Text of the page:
In view of the results of our examination of these plans and after careful consideration of the original features of the design, I beg to recommend that plaris be approved on condition that only sanitary or domestic sewage be permitted to enter the proposed sewers and the present sewers on Starbuck avenue and Hoard street; and that a permit be granted for the discharge of the sewage from these lines into the Black river through the present sewer outlet near the mouth of Cowens creck,

Respectfully submitted,

THEODORE HORTON, ALBANY, N. Y., October 18, 1917

Chief Engineer

PERMIT Application having been duly made to the State Commissioner of Health, as provided by section 77 of chapter 49 of the Laws of 1909, the " Public Health Law," as amended by chapter 553 of the Laws of 1911, constituting chapter 45 of the Consolidated Laws, permission is hereby given to the board of public works of the city of Watertown to discharge sewage from the proposed sewers in Magone, Chaffee, Pollard and Leach streets, and in Boyer and Starbuck avenues into the waters of the Black river near the mouth of Cowens creek, within the municipality of Watertown, in accordance with the plans accompanying the petition, under the following conditions:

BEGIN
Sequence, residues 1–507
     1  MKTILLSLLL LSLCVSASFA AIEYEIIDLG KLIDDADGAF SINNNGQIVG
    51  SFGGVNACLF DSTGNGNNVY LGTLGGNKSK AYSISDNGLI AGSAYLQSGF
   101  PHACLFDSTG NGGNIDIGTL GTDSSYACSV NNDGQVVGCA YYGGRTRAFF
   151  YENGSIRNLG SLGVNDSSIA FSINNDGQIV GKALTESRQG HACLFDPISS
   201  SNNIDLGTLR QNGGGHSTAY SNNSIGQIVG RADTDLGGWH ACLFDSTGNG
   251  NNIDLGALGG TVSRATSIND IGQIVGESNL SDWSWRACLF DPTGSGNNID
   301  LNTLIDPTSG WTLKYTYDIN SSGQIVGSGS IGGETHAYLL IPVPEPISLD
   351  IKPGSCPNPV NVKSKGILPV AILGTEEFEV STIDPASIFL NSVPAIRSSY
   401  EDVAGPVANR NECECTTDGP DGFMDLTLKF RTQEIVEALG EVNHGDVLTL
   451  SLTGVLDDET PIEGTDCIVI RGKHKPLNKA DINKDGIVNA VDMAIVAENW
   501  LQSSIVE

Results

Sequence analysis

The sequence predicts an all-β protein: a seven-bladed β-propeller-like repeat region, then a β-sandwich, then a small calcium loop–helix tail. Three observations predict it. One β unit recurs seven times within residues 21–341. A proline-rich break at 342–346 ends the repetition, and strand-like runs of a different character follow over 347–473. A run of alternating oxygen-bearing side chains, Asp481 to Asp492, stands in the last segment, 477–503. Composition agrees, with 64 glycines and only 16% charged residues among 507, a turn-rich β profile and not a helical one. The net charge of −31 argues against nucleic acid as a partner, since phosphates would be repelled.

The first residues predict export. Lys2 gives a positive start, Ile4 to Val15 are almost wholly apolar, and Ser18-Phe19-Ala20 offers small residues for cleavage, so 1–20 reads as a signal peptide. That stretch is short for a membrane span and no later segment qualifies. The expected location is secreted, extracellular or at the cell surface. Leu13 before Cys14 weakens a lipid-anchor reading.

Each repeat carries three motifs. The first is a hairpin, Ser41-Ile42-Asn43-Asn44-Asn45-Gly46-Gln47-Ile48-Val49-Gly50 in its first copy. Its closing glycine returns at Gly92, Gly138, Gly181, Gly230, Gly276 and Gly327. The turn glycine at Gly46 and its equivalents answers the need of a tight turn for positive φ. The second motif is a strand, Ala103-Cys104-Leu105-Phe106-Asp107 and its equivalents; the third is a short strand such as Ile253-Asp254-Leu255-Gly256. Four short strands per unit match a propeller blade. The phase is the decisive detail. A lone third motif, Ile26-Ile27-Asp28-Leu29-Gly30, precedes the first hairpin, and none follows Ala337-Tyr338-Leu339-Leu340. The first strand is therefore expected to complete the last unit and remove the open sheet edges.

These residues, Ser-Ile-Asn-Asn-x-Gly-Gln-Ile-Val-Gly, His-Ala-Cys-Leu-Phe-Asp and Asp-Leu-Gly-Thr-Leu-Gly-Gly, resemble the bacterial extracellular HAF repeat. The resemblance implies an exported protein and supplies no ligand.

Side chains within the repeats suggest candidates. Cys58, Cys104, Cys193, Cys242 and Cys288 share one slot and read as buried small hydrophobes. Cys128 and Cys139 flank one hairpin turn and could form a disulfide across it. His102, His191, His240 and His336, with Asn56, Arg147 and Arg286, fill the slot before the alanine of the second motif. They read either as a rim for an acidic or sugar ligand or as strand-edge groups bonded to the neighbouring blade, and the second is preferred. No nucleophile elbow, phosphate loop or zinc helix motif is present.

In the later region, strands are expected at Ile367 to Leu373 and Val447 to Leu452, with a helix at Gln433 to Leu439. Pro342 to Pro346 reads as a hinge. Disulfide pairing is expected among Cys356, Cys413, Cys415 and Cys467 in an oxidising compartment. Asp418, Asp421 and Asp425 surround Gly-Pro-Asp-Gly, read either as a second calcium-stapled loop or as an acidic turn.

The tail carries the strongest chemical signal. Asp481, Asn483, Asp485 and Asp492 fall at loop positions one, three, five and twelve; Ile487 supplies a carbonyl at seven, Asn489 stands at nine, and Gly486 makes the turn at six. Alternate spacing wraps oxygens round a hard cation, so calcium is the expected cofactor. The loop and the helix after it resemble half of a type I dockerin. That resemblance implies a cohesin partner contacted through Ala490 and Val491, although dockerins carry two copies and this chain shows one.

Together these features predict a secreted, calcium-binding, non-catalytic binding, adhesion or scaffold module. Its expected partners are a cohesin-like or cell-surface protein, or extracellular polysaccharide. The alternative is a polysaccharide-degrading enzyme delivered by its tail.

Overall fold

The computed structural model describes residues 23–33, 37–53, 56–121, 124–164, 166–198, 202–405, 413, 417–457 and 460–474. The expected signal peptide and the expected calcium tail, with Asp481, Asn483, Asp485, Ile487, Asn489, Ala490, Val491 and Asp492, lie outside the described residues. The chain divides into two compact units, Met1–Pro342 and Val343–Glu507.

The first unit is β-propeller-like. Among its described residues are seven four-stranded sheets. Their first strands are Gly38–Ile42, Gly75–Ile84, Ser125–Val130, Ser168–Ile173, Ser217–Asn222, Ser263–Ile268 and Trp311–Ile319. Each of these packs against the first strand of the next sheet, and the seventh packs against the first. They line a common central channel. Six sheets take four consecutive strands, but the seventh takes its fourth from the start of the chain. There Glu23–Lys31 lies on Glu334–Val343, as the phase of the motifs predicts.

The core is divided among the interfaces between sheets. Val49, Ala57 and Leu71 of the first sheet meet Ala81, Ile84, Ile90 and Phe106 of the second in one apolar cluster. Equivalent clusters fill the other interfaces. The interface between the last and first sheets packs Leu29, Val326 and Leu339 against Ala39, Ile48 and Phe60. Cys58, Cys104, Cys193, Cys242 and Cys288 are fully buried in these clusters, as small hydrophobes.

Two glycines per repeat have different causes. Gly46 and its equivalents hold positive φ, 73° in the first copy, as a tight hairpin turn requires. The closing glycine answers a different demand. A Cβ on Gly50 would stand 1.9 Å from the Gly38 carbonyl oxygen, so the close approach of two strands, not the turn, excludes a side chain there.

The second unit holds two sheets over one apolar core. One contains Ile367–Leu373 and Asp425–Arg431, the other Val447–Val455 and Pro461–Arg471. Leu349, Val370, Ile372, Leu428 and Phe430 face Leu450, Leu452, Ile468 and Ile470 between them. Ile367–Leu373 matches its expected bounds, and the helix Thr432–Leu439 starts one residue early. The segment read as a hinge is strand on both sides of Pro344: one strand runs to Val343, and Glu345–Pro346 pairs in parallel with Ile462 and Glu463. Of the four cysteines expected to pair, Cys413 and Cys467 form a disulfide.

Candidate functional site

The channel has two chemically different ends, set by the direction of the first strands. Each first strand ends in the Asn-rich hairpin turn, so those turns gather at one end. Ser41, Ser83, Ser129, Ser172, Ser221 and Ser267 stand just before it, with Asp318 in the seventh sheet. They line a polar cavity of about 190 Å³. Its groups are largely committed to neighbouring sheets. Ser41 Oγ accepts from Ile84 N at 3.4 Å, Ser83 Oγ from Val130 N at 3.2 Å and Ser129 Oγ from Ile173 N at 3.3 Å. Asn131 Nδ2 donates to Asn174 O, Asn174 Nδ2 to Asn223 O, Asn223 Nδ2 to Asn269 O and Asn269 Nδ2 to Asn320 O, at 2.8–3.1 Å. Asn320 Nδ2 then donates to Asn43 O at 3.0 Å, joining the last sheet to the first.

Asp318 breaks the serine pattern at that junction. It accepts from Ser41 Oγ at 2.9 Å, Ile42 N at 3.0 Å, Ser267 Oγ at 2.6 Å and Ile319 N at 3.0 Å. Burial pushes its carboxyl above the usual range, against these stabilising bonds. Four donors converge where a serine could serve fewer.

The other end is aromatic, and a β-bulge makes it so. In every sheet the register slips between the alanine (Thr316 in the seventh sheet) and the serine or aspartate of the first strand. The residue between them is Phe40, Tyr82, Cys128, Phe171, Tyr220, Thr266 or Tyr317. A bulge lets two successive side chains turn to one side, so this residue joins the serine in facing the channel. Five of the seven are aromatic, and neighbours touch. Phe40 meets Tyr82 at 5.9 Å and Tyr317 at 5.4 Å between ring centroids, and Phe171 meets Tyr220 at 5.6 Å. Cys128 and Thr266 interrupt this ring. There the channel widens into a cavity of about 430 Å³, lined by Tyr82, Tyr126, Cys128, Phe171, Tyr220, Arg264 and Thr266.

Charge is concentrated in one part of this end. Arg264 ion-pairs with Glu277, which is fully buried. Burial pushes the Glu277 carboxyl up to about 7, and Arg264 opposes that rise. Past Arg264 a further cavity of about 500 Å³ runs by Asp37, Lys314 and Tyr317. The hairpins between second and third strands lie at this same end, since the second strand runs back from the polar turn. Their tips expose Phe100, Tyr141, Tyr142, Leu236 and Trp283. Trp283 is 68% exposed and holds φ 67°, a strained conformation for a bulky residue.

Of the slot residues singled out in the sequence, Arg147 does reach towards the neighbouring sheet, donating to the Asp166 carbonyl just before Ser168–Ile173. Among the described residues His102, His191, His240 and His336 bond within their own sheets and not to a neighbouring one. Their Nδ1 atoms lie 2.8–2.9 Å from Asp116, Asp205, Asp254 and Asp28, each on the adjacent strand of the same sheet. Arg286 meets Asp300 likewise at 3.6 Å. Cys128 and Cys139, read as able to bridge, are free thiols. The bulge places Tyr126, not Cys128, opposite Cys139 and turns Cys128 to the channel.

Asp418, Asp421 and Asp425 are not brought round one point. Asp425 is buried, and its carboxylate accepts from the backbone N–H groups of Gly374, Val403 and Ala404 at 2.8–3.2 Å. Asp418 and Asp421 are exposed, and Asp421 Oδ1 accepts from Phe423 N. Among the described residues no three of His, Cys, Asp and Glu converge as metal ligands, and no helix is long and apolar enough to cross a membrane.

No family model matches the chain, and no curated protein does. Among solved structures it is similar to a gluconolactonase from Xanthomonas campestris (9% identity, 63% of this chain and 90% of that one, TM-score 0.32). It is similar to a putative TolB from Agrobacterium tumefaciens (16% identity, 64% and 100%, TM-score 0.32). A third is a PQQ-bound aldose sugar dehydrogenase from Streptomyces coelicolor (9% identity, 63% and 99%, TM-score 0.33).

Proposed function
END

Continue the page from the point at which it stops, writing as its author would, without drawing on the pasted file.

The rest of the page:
1. That this permit shall be revocable at any time or subject to modification or change when in the judgment of the State Commissioner of Health such revocation, modification or change shall become necessary.

2. That the issuance of this permit shall not be deemed to affect in any way action by this Department on any future application that may be made for permission to discharge additional sewage or effluent into the waters of this State.

3. That only sanitary or domestic sewage and no storm water or surface water from streets, roofs or other areas shall be admitted to the proposed sewers.

M. NICOLL, JR.,

Deputy State Commissioner of Health Ootober 22, 1917

WEBB (O. M. Eidlitz)

HERMANN M. BIGGS, M.D., State Commissioner of Health:

I beg to submit the following report on our examination of the plans for gewage disposal for the camp of Mr. O. M. Eidlitz on Fourth lake, Herkimer county, N. Y. submitted to this Department for approval on October 2, 1917.